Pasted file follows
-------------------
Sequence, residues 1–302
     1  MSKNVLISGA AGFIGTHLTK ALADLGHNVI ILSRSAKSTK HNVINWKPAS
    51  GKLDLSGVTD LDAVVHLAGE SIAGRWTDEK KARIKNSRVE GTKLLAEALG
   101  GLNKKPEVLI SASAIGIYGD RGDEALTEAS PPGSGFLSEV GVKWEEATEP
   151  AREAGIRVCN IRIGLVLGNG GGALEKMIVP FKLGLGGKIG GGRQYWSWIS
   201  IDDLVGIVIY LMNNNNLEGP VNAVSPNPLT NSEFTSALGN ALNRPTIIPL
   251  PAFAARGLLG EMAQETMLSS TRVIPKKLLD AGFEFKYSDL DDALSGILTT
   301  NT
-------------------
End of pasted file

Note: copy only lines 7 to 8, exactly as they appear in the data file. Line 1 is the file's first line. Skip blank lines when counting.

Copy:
   251  PAFAARGLLG EMAQETMLSS TRVIPKKLLD AGFEFKYSDL DDALSGILTT
   301  NT